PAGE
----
No Bipartisan Fix to Pennsylvania's Mail-In Voting in Sight

Time for an agreement is ticking down: mail-in ballots could become available by mid-September and lawmakers say they want legislation on Wolf's desk by then

A person drops applications for mail-in-ballots into a mail box in Omaha, Neb
AP Photo/Nati Harnik, File

A bipartisan fix to glitches in Pennsylvania's new mail-in voting law remained just a glimmer Tuesday ahead of November's presidential election, as Republican state Senate leaders introduced legislation that Democrats quickly opposed as restricting access to voting.

The proposal comes against a backdrop of President Donald Trump telling Republican National Convention delegates Monday that he'll only lose if the election is “ rigged, ” criticizing mail-in voting as a “ scam ” and suing in federal court to undo certain vote-counting, collection and observation practices in Pennsylvania.

Gov. Tom Wolf, a Democrat, said the bill was not the product of negotiations with his office and that he had not read it.

“If there’s some things that I think restrict access to the polls, or make it less safe, then I think we have some more conversations," Wolf said when asked about it at an unrelated news conference. "But it’s the first pass and I certainly take it very seriously.”

Other Democrats had read it.

“There are challenges with the bill, because it appears to do more to restrict access to voting than expanding it,” said Sen. Sharif Street, D-Philadelphia, who is the state Democratic Party's vice chairman.

Time for an agreement is ticking down: mail-in ballots could become available by mid-September and lawmakers say they want legislation on Wolf's desk by then to give counties time to adjust before the Nov. 3 election.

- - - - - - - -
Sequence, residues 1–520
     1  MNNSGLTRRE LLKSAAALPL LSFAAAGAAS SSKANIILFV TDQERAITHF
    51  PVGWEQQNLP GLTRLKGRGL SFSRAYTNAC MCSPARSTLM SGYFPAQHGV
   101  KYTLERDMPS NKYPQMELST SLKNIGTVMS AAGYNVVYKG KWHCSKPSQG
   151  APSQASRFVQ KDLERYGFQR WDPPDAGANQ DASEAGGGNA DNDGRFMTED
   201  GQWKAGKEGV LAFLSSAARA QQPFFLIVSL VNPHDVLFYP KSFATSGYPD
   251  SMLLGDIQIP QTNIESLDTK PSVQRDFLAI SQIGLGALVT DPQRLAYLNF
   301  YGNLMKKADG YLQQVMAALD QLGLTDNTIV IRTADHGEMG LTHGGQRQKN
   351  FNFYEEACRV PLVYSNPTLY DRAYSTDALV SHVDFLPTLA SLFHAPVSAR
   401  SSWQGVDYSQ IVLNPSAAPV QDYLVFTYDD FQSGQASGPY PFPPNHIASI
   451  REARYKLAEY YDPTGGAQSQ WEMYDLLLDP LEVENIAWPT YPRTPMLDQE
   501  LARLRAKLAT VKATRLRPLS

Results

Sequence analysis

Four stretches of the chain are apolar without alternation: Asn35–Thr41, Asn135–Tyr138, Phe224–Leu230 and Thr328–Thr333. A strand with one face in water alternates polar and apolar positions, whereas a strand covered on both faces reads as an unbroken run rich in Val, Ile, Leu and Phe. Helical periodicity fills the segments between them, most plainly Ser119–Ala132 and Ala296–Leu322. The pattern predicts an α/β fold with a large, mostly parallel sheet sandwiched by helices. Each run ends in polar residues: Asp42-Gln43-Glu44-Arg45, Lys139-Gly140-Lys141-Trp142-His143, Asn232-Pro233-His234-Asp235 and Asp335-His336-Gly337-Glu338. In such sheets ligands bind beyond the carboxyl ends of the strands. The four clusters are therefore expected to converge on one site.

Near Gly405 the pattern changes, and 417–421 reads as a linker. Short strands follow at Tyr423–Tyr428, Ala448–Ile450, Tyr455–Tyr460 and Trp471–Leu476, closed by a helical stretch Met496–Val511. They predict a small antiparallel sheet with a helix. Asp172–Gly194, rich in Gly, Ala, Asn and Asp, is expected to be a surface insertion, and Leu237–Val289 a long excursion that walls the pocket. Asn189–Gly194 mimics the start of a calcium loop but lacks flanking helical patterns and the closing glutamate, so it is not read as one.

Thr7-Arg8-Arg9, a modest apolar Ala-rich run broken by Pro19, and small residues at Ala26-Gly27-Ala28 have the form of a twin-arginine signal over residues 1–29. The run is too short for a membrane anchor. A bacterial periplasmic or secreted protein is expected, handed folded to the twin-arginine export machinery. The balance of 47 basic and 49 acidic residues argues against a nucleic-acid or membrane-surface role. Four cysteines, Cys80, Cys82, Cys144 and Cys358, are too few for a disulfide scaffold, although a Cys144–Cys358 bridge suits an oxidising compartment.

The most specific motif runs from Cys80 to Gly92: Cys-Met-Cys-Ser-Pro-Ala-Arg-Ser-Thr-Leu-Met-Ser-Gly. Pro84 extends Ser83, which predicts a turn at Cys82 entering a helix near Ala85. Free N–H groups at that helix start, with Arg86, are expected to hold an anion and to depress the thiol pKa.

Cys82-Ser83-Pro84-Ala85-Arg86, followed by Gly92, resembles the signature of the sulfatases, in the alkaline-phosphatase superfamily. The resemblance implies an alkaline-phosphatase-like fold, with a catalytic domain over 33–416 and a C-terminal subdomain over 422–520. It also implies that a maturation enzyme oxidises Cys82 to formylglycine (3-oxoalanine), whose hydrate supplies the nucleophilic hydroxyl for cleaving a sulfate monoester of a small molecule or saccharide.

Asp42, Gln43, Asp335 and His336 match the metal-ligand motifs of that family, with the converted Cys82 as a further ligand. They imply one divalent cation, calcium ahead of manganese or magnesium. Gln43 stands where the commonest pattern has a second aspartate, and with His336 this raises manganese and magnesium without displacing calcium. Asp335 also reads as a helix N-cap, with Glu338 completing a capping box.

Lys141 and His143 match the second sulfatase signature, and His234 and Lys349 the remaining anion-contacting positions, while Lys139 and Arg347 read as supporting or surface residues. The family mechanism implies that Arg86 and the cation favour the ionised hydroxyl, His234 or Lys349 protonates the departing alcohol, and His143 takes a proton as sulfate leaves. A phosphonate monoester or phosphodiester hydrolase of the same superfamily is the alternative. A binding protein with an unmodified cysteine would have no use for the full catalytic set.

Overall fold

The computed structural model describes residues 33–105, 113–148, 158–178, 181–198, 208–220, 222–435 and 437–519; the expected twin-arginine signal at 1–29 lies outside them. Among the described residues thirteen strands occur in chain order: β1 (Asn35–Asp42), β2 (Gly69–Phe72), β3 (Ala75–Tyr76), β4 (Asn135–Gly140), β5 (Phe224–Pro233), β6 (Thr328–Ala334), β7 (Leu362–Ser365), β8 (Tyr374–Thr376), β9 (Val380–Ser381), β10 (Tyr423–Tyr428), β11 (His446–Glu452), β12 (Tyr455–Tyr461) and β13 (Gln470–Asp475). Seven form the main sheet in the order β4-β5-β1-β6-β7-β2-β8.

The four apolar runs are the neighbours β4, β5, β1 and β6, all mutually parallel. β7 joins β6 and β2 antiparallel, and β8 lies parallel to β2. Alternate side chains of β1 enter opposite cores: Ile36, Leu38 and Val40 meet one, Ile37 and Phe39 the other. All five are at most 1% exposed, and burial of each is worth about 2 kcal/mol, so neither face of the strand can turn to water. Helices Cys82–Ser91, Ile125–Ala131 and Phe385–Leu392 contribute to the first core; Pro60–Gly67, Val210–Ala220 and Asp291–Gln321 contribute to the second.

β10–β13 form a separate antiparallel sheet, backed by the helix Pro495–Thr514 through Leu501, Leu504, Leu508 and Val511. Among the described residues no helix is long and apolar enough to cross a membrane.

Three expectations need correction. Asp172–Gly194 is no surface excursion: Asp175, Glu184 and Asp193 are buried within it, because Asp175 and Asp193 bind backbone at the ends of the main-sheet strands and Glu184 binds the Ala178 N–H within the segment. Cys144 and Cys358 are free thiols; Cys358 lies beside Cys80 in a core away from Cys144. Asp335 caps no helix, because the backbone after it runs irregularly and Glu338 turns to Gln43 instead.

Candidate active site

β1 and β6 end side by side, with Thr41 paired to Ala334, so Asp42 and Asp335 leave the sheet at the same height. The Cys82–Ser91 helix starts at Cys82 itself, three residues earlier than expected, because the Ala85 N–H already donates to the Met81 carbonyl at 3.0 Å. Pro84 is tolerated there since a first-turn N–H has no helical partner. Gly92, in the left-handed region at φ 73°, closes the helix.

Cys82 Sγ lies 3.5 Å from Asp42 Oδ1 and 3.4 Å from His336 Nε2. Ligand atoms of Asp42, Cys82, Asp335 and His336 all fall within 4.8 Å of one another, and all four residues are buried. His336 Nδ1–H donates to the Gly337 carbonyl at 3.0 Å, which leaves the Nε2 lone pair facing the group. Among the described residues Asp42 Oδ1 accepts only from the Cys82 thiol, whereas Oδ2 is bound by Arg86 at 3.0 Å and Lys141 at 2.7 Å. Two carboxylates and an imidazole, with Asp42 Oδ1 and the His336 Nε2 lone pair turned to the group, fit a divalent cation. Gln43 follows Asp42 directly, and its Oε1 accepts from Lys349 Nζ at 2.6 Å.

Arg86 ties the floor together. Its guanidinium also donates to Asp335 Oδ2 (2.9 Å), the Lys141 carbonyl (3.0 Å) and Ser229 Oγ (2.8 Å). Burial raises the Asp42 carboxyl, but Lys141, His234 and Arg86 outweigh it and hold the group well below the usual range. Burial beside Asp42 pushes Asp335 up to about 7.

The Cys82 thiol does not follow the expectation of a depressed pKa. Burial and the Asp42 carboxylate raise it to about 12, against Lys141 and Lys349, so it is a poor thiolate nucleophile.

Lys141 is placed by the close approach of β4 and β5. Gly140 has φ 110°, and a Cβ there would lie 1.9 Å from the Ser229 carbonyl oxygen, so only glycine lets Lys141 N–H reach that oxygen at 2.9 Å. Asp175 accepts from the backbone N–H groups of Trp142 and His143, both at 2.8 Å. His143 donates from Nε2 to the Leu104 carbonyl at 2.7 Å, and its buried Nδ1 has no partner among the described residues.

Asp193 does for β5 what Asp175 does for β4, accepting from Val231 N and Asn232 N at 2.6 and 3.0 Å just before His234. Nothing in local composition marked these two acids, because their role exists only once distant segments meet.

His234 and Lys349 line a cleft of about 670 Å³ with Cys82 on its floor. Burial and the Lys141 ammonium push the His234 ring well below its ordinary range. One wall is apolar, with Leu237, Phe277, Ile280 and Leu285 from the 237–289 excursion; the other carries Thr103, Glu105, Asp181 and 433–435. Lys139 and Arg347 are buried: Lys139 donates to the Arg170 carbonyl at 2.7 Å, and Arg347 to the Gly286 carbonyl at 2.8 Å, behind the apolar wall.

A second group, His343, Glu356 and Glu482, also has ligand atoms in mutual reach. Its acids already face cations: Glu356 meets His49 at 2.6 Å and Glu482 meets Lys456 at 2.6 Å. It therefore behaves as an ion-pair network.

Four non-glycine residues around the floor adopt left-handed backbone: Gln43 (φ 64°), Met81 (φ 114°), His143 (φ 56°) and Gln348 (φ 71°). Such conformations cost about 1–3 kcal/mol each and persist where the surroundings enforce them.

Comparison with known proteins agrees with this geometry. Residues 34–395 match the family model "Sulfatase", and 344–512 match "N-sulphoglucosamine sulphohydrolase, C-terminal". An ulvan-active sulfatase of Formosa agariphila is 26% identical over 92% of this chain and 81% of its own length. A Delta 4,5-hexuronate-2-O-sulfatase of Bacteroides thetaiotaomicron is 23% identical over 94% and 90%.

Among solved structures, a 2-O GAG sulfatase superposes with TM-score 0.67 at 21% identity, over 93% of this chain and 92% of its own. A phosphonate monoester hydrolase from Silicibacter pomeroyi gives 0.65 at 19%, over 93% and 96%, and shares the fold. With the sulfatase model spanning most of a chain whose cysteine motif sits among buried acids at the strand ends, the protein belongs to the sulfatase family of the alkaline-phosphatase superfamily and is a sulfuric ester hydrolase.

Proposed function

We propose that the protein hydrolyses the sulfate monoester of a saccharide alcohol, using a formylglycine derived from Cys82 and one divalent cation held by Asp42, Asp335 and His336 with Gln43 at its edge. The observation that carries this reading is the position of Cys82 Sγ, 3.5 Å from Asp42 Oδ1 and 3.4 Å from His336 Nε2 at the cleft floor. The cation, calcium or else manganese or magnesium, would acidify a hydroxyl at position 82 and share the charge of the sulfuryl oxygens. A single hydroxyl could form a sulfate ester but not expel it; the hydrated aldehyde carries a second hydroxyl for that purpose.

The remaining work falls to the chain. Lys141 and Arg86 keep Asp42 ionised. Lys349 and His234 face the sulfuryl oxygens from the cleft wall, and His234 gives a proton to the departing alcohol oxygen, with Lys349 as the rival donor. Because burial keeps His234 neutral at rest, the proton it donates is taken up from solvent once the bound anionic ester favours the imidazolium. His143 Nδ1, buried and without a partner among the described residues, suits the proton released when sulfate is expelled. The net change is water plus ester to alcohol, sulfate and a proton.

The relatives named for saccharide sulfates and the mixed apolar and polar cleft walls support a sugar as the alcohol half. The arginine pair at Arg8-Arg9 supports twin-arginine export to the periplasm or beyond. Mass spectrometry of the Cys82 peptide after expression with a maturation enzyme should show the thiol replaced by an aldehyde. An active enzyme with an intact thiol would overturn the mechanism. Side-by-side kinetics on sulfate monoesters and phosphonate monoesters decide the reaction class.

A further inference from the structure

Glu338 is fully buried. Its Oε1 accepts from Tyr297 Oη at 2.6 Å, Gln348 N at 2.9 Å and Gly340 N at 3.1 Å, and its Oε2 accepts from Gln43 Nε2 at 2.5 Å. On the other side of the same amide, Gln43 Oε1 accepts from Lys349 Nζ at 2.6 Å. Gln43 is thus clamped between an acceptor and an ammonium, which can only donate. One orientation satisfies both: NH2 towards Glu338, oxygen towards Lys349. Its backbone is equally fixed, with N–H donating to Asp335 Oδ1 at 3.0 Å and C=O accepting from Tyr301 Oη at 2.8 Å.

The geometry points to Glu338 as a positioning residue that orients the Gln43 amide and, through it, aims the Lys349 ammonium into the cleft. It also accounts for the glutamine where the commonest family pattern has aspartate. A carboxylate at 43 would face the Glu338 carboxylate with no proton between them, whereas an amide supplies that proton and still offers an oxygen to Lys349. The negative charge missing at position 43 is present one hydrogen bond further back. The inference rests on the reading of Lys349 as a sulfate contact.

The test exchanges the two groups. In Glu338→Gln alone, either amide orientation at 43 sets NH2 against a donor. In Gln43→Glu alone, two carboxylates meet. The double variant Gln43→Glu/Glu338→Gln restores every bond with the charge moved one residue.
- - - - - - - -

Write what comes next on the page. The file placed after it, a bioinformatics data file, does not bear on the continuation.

Courts also could settle some of these issues.

The pandemic has fueled interest in voting by mail to avoid any potential exposure by voting in-person, and the June 2 primary exposed glitches in a first test of Pennsylvania’s new mail-in voting law.

County election officials are now bracing to handle more than 3 million ballots by mail this fall, more than 10 times the amount in 2016's presidential election.

With Pennsylvania shaping up as a premier presidential battleground, the Republicans' legislation generally aligns with the aims of Trump's campaign and the Republican Party.

The bill also acknowledges the top request from counties: it allows them to start processing mail-in ballots three days before Election Day to speed up vote-counting amid concerns that a presidential election result will hang in limbo for days on a drawn-out vote count in Pennsylvania.

“This bill will go a long way toward providing additional confidence in our election process and the results by taking steps needed to increase election access, accountability and security,” Senate Majority Leader Jake Corman, R-Centre, said in a statement.

Democrats, however, want to give counties more time to process mail-in ballots, as many as 21 days before the election.

The Republican legislation, meanwhile, shortens the time period in which to request a mail-in ballot, from a week before the election to 15 days before, after thousands of mailed-in ballots arrived after polls closed in the primary.

Democrats instead want to extend the deadline to count mailed-in ballots to three days after the election, citing concerns over slower postal service.

Shortening the deadline to request a mail-in ballot will further limit people from voting by mail, say if they decide to register to vote or if the virus flares up just before the election, Senate Minority Leader Jay Costa, D-Allegheny, said.

“Now they’re locked out: they don’t want to go to a polling place and they can’t get a mail-in ballot,” Costa said.

It also limits the locations where voters can deliver mail-in ballots by hand to a county courthouse, permanent election offices and polling places.

Democrats oppose that provisions, too.

In Philadelphia and some southeastern Pennsylvania counties where Trump lost badly in 2016, election officials are planning to create satellite election offices and install drop boxes to help handle the avalanche of ballots.

“The drop boxes would be very helpful, particularly if the national Republican effort to defund the postal service continues," said Rep. Kevin Boyle, D-Philadelphia.


Associated Press reporter Mark Scolforo contributed to this report.


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